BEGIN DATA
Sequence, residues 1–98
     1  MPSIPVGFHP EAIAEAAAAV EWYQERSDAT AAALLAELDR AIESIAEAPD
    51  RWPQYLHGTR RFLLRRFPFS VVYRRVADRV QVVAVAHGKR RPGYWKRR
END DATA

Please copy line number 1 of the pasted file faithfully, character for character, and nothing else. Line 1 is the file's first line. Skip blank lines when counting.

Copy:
Sequence, residues 1–98